Warm greetings, my dear readers, from an unseasonably chilly Ottawa. Today, I’d like to present the next instalment in my Vocabulary Series, the lovely letter X. There aren’t a lot of words that begin with this letter, but there are certainly some interesting ones. So let’s have a look.
All three of the words I’ve chosen are adjectives, probably because they are the most fun. This first word will make you sound very fancy, especially if you use it the next time you’re at an art gallery.
Etymology: First documented in English in 1817. Comes from the French xanthique, which in turn comes from the Greek xanthos, meaning yellow.
Example: After catching a glimpse of the zombie horde, Xander looked a little xanthic.
My second word choice is one I’d never heard before. Not only is its meaning pretty neat, but it’s also a lot of fun to say!
Etymology: First appears in the 1860s, meaning drought-loving. Comes from combining the Greek words xero-, meaning dry or withered, and philous, meaning loving.
Definition: Adapted to a very dry climate or habitat, or to conditions where moisture is scarce (used for both plants and animals).
Example: Desert zombies are xerophilous, while swamp zombies prefer a much moister habitat.
And my final word choice is another fun word to say out loud. Plus it has a cool connection to the human body.
Etymology: First appears in the 1740s. Comes from combining the Greek word xiphos, meaning sword, and the Latin suffix –oid, meaning like or like that. The suffix –oid comes from the Greek suffix –oeides, which comes from the word eidos, meaning form.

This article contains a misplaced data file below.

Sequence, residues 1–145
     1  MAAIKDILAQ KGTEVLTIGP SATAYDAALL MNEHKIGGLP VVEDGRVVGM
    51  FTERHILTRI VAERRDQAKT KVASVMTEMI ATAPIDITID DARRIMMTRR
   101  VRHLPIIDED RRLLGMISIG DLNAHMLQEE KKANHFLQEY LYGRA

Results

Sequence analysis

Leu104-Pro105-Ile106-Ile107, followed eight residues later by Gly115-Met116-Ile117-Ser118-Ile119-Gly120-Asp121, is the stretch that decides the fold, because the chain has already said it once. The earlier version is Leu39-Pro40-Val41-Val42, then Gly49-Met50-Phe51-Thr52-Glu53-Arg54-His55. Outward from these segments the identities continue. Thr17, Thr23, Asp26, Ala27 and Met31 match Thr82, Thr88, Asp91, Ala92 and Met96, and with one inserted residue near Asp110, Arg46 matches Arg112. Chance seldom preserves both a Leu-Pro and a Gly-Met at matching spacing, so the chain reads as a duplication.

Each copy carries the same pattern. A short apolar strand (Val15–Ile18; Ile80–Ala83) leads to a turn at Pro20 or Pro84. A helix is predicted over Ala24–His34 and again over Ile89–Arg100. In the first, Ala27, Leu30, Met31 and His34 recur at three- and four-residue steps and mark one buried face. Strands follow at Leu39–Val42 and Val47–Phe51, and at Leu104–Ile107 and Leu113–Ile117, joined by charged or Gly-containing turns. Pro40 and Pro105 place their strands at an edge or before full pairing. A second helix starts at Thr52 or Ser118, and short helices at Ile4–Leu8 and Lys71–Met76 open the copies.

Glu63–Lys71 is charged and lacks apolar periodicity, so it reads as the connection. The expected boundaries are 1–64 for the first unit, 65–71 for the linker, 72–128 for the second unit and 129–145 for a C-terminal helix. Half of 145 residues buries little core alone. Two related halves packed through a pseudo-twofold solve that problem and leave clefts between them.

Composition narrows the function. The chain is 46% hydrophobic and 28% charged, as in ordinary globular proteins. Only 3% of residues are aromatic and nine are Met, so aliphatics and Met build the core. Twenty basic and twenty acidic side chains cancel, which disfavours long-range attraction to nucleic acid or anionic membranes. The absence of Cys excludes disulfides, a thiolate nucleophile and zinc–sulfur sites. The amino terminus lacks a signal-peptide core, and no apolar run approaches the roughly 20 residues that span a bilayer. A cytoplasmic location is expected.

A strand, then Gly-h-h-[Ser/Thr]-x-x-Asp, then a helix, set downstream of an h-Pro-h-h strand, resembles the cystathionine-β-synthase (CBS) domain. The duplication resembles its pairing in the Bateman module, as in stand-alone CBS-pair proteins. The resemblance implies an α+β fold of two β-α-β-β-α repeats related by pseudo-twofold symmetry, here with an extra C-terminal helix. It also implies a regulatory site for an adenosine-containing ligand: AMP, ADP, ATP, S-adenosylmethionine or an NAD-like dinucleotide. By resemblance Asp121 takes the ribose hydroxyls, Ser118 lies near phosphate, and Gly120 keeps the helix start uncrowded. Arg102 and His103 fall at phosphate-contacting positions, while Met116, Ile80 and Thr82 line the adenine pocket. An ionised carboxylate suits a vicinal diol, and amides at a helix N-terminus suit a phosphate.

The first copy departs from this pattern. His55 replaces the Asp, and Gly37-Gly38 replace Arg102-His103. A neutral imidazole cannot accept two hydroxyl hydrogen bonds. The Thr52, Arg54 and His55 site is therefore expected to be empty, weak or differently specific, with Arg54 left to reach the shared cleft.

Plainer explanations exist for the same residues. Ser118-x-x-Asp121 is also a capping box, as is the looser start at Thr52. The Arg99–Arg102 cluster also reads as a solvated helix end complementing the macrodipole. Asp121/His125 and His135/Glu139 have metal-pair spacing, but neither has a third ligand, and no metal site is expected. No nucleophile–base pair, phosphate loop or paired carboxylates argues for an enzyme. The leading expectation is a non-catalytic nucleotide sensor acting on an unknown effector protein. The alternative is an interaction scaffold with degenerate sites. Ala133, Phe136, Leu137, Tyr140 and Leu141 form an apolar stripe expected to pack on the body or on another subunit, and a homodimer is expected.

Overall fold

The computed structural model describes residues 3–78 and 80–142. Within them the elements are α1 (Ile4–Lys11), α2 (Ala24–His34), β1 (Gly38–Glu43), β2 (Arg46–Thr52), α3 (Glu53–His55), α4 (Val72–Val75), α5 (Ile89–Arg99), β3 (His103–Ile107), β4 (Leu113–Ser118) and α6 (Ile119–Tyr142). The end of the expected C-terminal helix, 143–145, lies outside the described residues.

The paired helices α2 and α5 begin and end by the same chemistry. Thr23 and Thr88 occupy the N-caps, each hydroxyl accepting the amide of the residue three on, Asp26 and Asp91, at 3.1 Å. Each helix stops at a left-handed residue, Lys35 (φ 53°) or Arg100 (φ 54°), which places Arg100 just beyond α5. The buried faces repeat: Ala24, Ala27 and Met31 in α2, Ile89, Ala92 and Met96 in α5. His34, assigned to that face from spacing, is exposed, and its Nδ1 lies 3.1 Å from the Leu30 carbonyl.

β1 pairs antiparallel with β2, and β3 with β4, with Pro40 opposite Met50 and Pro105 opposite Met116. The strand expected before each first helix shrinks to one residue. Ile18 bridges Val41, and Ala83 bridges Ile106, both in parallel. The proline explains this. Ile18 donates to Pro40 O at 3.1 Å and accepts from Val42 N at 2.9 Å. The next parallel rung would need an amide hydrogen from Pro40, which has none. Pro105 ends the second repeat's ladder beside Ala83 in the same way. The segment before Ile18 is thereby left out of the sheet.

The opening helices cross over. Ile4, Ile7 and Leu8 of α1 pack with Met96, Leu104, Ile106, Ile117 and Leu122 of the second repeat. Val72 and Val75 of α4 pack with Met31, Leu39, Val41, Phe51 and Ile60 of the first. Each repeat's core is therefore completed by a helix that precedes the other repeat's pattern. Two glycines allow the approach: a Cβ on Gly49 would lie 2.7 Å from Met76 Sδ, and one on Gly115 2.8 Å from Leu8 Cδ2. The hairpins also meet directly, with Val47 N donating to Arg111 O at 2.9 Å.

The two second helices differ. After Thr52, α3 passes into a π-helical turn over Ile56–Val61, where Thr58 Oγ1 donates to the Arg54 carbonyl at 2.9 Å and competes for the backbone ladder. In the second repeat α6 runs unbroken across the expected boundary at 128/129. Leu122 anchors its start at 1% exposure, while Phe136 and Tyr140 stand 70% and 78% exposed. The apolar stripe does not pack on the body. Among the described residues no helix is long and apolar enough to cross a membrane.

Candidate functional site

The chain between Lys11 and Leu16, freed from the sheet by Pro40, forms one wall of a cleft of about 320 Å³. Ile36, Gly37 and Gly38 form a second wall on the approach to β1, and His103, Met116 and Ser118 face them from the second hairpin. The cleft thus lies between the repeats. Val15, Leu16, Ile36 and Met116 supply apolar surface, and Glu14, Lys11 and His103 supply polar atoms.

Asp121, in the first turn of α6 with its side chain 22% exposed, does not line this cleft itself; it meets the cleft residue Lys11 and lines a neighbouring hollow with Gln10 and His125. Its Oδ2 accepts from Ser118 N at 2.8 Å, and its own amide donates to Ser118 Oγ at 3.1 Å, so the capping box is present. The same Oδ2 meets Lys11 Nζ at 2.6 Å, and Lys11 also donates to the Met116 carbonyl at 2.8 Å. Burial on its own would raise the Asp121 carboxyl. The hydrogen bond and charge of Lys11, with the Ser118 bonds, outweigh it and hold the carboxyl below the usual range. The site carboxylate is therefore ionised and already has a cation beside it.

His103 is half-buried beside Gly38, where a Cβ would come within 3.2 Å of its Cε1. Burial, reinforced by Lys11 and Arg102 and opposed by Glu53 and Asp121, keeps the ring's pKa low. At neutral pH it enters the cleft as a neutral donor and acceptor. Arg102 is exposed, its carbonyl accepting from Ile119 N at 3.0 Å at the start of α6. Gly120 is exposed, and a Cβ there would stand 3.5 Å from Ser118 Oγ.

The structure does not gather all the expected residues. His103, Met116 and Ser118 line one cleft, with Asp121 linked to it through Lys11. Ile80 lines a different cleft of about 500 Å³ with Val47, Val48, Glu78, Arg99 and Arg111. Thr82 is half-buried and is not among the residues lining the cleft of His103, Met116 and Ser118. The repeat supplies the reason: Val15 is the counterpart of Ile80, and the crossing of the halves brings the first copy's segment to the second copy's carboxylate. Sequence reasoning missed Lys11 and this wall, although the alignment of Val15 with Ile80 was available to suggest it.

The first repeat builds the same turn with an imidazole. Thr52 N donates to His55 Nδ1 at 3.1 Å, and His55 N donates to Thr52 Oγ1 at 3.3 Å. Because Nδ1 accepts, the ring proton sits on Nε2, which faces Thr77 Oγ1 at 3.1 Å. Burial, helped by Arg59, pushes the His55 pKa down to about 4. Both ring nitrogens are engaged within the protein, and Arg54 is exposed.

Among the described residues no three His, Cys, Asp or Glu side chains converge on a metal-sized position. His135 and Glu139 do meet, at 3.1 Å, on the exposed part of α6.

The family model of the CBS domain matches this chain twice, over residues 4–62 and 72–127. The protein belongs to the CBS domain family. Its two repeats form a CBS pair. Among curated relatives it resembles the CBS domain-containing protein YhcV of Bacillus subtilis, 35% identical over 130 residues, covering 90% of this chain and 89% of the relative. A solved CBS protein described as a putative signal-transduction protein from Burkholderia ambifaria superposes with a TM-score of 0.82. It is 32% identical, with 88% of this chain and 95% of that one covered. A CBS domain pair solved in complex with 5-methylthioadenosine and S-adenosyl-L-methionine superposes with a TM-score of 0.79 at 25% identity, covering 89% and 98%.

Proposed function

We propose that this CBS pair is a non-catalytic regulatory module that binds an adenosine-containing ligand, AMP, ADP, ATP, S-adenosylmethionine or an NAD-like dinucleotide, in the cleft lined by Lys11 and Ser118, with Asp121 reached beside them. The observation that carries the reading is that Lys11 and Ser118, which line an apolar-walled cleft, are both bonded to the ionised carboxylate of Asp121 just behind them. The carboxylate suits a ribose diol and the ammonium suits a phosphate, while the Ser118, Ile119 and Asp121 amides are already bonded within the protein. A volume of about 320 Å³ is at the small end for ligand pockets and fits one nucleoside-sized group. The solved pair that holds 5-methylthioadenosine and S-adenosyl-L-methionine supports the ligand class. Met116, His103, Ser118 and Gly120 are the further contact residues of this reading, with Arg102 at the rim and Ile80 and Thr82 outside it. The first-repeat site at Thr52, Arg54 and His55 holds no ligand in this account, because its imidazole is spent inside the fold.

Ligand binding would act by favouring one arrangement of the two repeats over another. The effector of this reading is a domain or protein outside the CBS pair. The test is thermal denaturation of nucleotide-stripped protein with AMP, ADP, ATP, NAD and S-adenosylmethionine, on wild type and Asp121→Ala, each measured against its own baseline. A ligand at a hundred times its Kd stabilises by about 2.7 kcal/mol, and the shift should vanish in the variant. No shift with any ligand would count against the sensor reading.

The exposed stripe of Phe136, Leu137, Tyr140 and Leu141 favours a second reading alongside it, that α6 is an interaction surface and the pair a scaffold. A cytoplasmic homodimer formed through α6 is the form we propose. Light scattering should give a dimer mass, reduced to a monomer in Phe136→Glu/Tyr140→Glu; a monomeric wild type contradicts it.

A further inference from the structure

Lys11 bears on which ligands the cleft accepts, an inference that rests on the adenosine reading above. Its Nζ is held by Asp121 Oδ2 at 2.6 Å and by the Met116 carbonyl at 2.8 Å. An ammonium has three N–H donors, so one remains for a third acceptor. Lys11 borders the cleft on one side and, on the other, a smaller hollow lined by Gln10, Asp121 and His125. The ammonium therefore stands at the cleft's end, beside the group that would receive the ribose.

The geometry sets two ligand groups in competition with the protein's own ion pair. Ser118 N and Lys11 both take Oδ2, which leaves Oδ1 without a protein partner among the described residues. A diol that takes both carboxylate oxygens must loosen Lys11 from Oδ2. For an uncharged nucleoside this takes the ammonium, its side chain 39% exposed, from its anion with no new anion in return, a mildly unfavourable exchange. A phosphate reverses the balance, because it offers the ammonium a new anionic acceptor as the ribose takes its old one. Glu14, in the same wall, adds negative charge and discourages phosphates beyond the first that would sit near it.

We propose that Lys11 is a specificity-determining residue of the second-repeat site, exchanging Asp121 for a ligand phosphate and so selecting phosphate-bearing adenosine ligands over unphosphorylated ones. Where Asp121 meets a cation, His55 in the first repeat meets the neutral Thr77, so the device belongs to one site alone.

I chose this word because the xiphoid process is one of my favourite anatomical terms. It’s a piece of cartilage at the bottom of your sternum that plays the important role of anchoring a bunch of muscles, including your abdominal diaphragm, which is kind of important in helping you breathe. And, unsurprisingly, your xiphoid process is shaped like the tip of a sword.
Example: Frantically, Xander searched the abandoned house for something sharp and xiphoid.
As always, etymological information and definitions come from a combination of the Oxford Dictionary of Etymological English, the Oxford Dictionaries Online, and the Online Etymology Dictionary.
Image credit: byPiPa @ deviantART